The north of Afghanistan is receiving its first distribution of food aid in three months. Two hundred tons of wheat are being supplied to camps sheltering refugees from the war with the Taleban.

The first delivery of 50 tons of wheat arrived at a refugee camp in northern Afghanistan Monday. This amount will support 2,000 families for a month, according to ACTED, the French-based international agency that is distributing the aid.

There are approximately 10,000 refugees in this region. They arrived just over a year ago after the Taleban conquered the nearby town of Halekan. More refugees are beginning to arrive as part of the internal displacement from Taleban-controlled Afghanistan.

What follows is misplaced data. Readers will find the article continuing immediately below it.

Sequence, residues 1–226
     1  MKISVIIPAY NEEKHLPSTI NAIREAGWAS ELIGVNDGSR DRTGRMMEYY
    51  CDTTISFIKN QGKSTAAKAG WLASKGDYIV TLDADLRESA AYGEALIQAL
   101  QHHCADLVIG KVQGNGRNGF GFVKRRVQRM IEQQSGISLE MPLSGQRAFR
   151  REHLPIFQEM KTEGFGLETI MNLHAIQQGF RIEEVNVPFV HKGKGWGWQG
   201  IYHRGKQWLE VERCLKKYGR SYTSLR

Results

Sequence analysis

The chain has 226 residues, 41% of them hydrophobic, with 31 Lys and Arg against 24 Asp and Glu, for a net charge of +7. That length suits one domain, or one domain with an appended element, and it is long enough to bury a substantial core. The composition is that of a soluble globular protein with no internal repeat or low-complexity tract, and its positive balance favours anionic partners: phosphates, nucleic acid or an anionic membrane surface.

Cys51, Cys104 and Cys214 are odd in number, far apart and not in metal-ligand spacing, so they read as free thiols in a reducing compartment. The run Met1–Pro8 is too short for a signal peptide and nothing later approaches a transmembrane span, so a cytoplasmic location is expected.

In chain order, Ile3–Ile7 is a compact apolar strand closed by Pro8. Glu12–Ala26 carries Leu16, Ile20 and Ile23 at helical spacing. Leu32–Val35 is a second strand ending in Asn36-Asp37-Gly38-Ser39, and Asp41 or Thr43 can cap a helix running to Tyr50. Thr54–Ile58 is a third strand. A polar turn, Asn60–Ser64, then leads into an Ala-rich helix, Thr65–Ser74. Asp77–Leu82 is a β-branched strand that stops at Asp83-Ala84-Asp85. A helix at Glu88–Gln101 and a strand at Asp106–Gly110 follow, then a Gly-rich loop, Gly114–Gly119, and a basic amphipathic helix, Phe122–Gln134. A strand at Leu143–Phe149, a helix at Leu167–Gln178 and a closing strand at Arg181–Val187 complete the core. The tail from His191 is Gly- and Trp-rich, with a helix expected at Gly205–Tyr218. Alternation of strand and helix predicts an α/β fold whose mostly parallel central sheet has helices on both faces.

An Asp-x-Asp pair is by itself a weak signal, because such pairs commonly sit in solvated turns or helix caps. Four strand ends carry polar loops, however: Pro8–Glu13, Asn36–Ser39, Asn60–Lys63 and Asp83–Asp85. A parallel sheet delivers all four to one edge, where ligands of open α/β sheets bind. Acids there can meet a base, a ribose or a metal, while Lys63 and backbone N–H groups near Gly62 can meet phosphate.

ACTED is pre-positioning food and assistance so that it is able to respond quickly if the need arises and there is a flood of refugees northward.

The aid agency is concerned that the onset of winter will make its job much more difficult.

In northern Afghanistan, most of the population lives in remote regions.

In winter many cannot be reached by cars and trucks; instead, camels and donkeys have to be loaded with supplies to cross the mountain paths. In some cases the aid agency will have to ask people to walk for two or three days to a lower town to collect the food.